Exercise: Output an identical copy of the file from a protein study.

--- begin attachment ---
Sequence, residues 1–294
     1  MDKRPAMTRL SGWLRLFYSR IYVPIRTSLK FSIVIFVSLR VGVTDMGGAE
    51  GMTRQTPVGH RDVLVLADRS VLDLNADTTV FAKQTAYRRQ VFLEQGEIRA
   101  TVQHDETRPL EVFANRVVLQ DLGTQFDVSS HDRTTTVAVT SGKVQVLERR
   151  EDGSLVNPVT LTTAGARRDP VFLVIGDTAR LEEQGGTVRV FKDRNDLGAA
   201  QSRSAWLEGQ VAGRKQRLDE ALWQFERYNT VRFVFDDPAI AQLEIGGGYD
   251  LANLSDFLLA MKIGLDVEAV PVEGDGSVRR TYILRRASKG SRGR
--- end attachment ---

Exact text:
Sequence, residues 1–294
     1  MDKRPAMTRL SGWLRLFYSR IYVPIRTSLK FSIVIFVSLR VGVTDMGGAE
    51  GMTRQTPVGH RDVLVLADRS VLDLNADTTV FAKQTAYRRQ VFLEQGEIRA
   101  TVQHDETRPL EVFANRVVLQ DLGTQFDVSS HDRTTTVAVT SGKVQVLERR
   151  EDGSLVNPVT LTTAGARRDP VFLVIGDTAR LEEQGGTVRV FKDRNDLGAA
   201  QSRSAWLEGQ VAGRKQRLDE ALWQFERYNT VRFVFDDPAI AQLEIGGGYD
   251  LANLSDFLLA MKIGLDVEAV PVEGDGSVRR TYILRRASKG SRGR